Frankie Montas-RHSP- age 22- Part of a major trade, Montas came from the White Sox in the off season. He has a wicked fastball/slider combination but currently lacks command and control of his arsenal. When I scouted him I saw a great arm, but he couldn’t throw strikes. Montas needs refinement, but if he’s needed during the season he could step up and offer rotation innings. But watch out in 2017.
Trayce Thompson-OF-age 24- Coming from an athletic family, Thompson is the outlier. He chose baseball as opposed to basketball. He’s tall and thin and plays a very good center field. He came from the White Sox where he began to hit in his late season call up. I think there is more consistency waiting in his bat. A good 4th or 5th outfielder.
Austin Barnes-C-age 26- Barnes was with the Marlins. He can be the guy in the organization that gets the first call if the club needs a catcher.
Jharel Cotton-RHSP-age 24- Cotton offers starting pitching depth from the right side. He pitched in the Arizona Fall League where he got valuable experience.
Micah Johnson-2B-age 25- Also coming from the White Sox, Johnson as very, very good speed and could be a base running threat. If he gets on base. I’ve seen both the good and the bad Johnson in his development. He is a marginal defender, but his quick hands at the plate and his off the charts speed project him as a starting type player. However, Howie Kendrick is back. That impacts Johnson’s immediate future.
Chris Anderson-RHP-age 23- A former first round selection, Anderson is making progress, getting innings under his belt and refining his very good fastball. His time may come as a late season call-up.
Shane Carle-RHSP-age 24- Carle could provide in season pitching depth if needed.
Yaisel Sierra-RHSP-age 25- Sierra came from Cuba as an international free agent. He is on the 40-man roster and will likely be given a good look in Spring Training.
Kenta Maeda-RHSP-age 27- Maeda was purchased from Japan and is a likely candidate for the starting rotation. He has logged 1509 2/3 innings in Japan. I have not seen him pitch and generally hold my evaluations until I have scouted a player in person.
Zach Lee-RHSP-age 24- Lee has long been touted as a potential Dodgers starter. This year he could serve as a potential right-handed starter if help is needed in the rotation. I think he might be among the first called upon to fill-in.
SAN DIEGO PADRES
Jabari Blash-RHOF-age 26- A Rule 5 selection from Oakland (trade), I was surprised the Padres took him with their outstanding outfield depth. Of their many Rule 5 selections, Blash may be the one that sticks. He could be a right-handed bench option. He has a very nice power/speed combination that could surprise. He grew up in the Mariners organization and was made available. Oakland took him in Rule 5 and flipped him to San Diego.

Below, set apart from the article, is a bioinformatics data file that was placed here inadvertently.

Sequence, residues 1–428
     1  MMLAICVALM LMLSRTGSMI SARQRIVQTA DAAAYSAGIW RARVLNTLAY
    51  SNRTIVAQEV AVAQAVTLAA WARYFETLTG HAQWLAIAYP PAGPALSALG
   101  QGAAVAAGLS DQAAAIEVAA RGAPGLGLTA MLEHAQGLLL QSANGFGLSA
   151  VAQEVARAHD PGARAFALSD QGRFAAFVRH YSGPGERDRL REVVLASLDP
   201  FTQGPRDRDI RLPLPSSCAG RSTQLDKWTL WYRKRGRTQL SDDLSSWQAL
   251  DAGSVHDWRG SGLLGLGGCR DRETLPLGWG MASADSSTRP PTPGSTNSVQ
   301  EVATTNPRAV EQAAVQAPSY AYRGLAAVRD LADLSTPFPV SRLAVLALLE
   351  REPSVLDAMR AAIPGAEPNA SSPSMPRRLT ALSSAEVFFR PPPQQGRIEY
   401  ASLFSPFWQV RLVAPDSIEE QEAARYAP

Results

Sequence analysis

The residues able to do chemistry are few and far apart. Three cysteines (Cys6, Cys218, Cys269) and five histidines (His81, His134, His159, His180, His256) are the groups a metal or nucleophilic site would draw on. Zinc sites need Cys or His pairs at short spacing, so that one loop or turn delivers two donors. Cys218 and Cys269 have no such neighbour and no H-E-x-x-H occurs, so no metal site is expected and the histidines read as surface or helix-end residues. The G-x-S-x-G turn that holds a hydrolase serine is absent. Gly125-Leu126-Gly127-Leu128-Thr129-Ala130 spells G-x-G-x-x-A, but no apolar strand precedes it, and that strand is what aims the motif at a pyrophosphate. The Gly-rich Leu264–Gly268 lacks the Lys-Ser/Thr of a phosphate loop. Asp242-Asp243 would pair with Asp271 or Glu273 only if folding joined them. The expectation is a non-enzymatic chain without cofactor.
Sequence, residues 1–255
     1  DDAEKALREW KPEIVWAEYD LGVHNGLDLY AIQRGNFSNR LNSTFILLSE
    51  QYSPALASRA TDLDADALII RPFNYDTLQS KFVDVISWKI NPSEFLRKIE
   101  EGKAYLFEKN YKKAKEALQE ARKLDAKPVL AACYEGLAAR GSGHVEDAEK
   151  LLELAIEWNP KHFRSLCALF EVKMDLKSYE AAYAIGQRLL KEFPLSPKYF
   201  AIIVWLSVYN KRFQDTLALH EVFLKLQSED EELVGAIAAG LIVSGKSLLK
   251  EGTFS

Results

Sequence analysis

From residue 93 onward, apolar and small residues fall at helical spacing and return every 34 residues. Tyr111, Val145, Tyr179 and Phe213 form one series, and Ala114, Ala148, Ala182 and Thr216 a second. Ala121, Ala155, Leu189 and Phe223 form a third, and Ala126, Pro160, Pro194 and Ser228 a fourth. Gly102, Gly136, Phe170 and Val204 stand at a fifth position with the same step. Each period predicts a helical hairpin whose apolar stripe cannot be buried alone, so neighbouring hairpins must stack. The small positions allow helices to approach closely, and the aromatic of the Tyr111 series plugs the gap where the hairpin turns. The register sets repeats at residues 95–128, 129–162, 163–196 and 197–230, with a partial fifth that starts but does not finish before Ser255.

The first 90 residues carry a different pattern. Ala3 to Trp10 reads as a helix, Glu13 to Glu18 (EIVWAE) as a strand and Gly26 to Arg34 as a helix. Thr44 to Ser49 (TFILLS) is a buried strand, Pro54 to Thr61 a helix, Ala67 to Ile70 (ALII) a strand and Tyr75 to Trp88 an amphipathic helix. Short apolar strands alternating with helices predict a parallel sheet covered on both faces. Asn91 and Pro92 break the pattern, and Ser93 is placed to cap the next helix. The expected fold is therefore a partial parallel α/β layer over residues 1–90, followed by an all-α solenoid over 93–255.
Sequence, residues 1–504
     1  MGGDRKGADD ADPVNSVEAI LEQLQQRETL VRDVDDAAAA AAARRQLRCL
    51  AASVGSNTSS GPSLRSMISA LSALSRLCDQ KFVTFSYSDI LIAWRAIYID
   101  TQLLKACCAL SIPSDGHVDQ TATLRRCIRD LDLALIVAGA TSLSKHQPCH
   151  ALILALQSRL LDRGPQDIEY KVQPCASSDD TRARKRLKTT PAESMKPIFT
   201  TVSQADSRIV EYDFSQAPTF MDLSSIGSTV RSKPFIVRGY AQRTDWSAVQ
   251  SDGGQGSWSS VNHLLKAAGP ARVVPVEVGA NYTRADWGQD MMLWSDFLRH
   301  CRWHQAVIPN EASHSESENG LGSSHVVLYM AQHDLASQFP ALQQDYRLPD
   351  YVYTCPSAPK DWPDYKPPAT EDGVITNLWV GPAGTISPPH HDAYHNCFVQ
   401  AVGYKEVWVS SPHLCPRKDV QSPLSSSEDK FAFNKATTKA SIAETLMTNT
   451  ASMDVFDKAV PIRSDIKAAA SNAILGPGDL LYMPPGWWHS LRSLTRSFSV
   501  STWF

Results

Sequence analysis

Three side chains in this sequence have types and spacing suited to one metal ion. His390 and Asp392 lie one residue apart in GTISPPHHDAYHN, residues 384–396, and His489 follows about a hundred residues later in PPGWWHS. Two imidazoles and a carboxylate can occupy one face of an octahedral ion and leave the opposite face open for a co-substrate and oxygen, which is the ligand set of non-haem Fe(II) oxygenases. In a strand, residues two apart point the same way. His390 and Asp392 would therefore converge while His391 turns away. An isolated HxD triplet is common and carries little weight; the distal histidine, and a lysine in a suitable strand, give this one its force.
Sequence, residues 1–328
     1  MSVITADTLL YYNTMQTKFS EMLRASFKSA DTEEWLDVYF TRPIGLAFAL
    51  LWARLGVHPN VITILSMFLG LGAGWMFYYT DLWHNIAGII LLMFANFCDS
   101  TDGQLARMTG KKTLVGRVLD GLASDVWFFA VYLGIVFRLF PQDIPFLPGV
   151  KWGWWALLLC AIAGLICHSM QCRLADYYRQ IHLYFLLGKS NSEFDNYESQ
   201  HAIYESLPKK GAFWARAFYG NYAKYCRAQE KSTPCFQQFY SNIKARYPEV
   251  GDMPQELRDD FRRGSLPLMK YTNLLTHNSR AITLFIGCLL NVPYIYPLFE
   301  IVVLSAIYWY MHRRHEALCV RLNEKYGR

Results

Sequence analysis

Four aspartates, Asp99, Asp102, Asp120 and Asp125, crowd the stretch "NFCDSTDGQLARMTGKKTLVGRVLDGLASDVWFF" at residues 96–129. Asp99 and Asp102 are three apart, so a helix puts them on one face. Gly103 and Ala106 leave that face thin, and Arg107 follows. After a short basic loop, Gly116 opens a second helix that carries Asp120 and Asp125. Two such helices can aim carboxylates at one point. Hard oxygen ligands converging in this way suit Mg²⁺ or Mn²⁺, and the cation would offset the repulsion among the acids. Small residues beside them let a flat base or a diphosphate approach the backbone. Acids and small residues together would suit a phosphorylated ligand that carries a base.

Josh Martin-RHRP-age 26- A Rule 5 selection from the Indians, Martin would have to stick or be offered back to Cleveland. It would seem he could win a job in the pen.
Taylor Lindsey-2B-age 24- Lindsey hits left-handed. He isn’t on the 40-man roster and has not been invited to Spring Training. But it is possible he may be needed later in the season. He came over in a trade with the Angels.
Travis Jankowski-CF-age 24- I am very bullish on Jankowski. I hope he gets a chance to prove he can play a very good center field. He hustles and plays the game right. He’s a former first round draft pick, so he’ll get a big time look.
Manuel Margot-OF-age 21- Part of a huge deal with the Red Sox, this may not yet be his time. But he is a prized prospect and another piece of the Padres CF depth. I do believe he needs another year of development, but the Padres could call him in 2016.
Hunter Renfroe-OF-age 24- He’s a quality hitter. The Padres have lots of good outfield options, and like Margot, he could have to wait his turn. He is not on the 40-man and has not been given an invitation to Spring Training.
Colin Rea-RHSP-age 25- He could make his debut by mid-season if he is needed in the rotation.
Tayron Guerrero-RHRP-age 25- He offers the Padres depth from the bullpen and could be available if needed.
Blake Smith-RHRP-age 28- Smith is a Rule 5 acquisition from the White Sox. He may be a long shot to stick with the club. Spring Training will be huge for him.
SAN FRANCISCO GIANTS
Mac Williamson-OF-age 25- This could be the time for the powerful Williamson. He’s big and strong at 6-foot-5 and 240 pounds. He can punish a pitcher’s mistakes. I think the Giants can use his power in LF. He may strike out some, but he’ll pound the ball.
Jarrett Parker-OF-age 27-Parker could provide some left-handed hitting outfield support.